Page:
The Demise of Macbeth.

Topics: Macbeth, Duncan I of Scotland, Three Witches Pages: 4 (1351 words) Published: May 10, 2011
Macbeth’s Demise.
From the beginning of the play, and in the progression of the plotline, it is clear that the character of Macbeth is in the downward spiral into evil. Macbeth’s evil and inner demons originate from a combination of the prophecy of the three witches, as well as his own lofty ambitions. However, it is the pressure from power hungry Lady Macbeth, and the murder of King Duncan that help transform Macbeth into the ruthless and immoral killer that he becomes. As the play continues he shows less and less remorse and begins committing more serious and sinister crimes, such as the killing of his best friend, and the innocent. By the end of the play, Macbeth is completely consumed by the evil, which subsequently ends his reign as king of Scotland.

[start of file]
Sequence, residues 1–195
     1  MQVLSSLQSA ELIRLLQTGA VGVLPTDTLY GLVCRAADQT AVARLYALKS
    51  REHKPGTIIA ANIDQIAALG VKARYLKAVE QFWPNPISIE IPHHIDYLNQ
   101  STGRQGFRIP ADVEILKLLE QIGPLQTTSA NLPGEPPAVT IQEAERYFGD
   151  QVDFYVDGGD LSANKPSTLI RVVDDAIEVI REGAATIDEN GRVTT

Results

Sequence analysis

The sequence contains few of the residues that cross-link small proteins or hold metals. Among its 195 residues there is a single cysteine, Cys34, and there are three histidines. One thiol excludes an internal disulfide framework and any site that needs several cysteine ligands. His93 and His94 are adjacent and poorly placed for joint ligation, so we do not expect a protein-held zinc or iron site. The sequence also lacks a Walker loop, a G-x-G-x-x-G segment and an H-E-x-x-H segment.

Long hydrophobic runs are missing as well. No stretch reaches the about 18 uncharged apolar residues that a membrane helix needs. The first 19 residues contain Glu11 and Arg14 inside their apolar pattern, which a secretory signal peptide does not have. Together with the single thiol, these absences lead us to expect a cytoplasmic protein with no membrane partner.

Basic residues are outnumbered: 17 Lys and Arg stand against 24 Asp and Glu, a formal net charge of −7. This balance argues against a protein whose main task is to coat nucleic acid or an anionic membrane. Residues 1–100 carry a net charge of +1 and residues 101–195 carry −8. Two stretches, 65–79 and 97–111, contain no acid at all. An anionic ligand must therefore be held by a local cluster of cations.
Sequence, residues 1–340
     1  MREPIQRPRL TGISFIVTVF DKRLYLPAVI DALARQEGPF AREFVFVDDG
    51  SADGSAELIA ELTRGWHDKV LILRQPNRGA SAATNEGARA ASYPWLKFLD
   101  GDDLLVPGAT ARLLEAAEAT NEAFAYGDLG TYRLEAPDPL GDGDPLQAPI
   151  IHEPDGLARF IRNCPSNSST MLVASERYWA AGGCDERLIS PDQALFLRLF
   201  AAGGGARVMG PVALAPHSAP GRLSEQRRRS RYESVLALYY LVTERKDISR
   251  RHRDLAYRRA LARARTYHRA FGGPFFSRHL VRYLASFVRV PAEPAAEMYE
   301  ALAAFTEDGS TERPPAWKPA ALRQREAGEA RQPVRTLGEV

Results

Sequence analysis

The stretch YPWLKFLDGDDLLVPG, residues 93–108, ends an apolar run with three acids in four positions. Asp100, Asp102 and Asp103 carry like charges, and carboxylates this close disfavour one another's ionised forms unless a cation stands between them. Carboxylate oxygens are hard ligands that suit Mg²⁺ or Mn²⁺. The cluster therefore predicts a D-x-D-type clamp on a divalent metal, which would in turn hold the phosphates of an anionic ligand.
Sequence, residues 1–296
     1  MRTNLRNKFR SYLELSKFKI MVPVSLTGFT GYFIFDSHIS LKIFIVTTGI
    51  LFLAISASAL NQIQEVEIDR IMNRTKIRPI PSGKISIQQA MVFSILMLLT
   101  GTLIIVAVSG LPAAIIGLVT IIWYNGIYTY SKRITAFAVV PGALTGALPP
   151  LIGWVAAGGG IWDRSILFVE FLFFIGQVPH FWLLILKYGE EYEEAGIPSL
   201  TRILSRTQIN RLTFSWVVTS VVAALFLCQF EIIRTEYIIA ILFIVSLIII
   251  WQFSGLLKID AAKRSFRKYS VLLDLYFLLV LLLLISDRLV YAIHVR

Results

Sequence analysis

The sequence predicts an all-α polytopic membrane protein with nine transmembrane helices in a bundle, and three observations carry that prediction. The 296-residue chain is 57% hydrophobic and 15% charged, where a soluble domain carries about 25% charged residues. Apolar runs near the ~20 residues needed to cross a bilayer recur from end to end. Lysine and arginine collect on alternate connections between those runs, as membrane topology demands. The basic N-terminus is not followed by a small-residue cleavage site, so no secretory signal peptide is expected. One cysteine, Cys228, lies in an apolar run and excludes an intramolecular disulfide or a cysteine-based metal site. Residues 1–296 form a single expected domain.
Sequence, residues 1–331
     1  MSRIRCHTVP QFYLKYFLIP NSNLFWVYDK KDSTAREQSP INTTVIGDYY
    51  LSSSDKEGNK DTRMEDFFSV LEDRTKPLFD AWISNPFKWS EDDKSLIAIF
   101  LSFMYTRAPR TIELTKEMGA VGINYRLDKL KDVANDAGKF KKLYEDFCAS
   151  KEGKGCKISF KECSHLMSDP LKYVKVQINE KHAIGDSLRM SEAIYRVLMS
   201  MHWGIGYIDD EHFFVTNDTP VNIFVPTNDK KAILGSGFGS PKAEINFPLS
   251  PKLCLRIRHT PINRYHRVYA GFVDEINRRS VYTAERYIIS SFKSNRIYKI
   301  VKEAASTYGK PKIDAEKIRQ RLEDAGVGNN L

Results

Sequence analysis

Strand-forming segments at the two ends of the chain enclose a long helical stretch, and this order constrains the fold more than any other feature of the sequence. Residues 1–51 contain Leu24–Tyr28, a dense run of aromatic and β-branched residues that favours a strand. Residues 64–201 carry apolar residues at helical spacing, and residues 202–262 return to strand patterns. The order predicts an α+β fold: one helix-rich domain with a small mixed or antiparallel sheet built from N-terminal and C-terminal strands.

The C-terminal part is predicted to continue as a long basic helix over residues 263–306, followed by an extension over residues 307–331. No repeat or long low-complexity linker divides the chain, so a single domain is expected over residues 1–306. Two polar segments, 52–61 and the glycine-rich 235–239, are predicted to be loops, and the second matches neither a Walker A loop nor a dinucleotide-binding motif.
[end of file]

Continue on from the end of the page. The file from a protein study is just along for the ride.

The story begins after Scotland achieves a glorious victory in a bloody military battle, led by Macbeth who is a military general and the Thane of Glamis. We first meet the characters Macbeth and Banquo as they stumble upon the weird sisters, who greet them with their prophecy that Macbeth will be Thane of Cawdor, and King. “All Hail Macbeth! Hail to thee, Thane of Cawdor! All Hail Macbeth, that shalt be King hereafter!”(Act 1, Scene 3, Line 50-53) Banquo doesn’t take them seriously, but Macbeth is intrigued by their words and believes what they say. “Stay you imperfect speakers, tell me more…” (Act 1, Scene 3, Line 70). The contemplation of their prophecies allows this idea to plant itself within Macbeth’s subconscious. The king calls Macbeth to his castle and names him the Thane of Cawdor, as a reward for his valor in battle, and therefore confirms the first part of the prophecy. Macbeth immediately begins to believe the witches and considers the possibility of becoming king. This is where the first traces of evil are seen in him, as he first contemplates the idea of killing Duncan to become king. “If chance will have me King, why, chance may crown me, without my stir” (Act 1, Scene 3, Line 143).

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